Setting Yourself Up For Success

 

Do you realize that as Labor Day approaches, that 2008 is three-quarters over…. Are you where you wanted to be as 2008 rolls to a close? A good friend and member of one of the mastermind groups I belong to, Andrew Finkelstein, recently wrote a very good article on planning. He has generously allowed me to excerpt from it.

Setting Yourself Up for Success—Doing the Right Thing

by guest author Andrew Finkelstein
http://www.thebeautyresource.com/

 

Let’s face it – the first step of setting yourself up for success is having the desire to do just that. Without the desire, that real sense of “wanting to” that “fire in the belly” type of energy, that success, or at least the type that I am envisioning for you will never occur. So exactly how do you get the necessary clarity to be successful?

First you have to define what success looks like. And this takes a bit of work. But that’s ok, because it is guaranteed to pay off. And I’m not making this up.

In 1970, sociologist Dr. Edward Banfield of Harvard University wrote a book entitled, The Unheavenly City. He described one of the most profound studies on success and priority setting ever conducted. Banfield’s goal was to find out how and why some people became financially independent during the course of their working lifetimes. He started off convinced that the answer to this question would be found in factors such as family background, education, intelligence, influential contacts, or some other concrete factor. What he finally discovered was that the major reason for success in life was a particular attitude of mind.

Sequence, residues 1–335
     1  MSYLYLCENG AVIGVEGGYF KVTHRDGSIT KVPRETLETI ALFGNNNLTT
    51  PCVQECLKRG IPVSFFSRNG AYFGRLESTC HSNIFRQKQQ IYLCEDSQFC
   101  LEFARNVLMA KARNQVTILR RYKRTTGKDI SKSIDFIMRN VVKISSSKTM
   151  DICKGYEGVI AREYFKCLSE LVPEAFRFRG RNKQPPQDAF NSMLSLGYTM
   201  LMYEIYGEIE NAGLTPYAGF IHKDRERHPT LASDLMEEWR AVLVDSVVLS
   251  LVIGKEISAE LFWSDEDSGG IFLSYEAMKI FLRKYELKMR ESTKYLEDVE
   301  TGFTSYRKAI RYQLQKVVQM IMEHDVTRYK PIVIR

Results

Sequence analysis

Banfield called this attitude “long time perspective.” He said that men and women who were the most successful in life and the most likely to move up economically were those who took the future into consideration with every decision they made in the present. He found that the longer the period of time a person took into consideration while planning and acting, the more likely it was that he would achieve greatly during his career.

Here’s how to do it

#1 – Take the time to look at your life and get to the core of what makes you tick. My mentor, Michael Gerber, author of The E-Myth Revisited: Why Most Small Business Don’t Work and What to Do About It calls that your “primary aim”. It’s the source of your vitality, your passion and your energy. It’s how you love to be and being your best. And write it down!

#2 – Create a set of annual goals, both personal and professional. The more the merrier. Then ask yourself what you want to accomplish in the next 90 days and write those down. Attach them to your calendar for review in 90 days.

#3 – Take a clear look at your business and create a strategic objective for it. In other words what will it look, like, feel like and perform like in say three to five years. How many people will be working in the business, serving how many clients, selling how much retail product producing what level of sales and profits. Make sure that your strategic objective is written down. It only has to be one page, two at the most.

Have a great day in whatever your adventure,
To Success! To Life!
Sharon

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  1. Jim D

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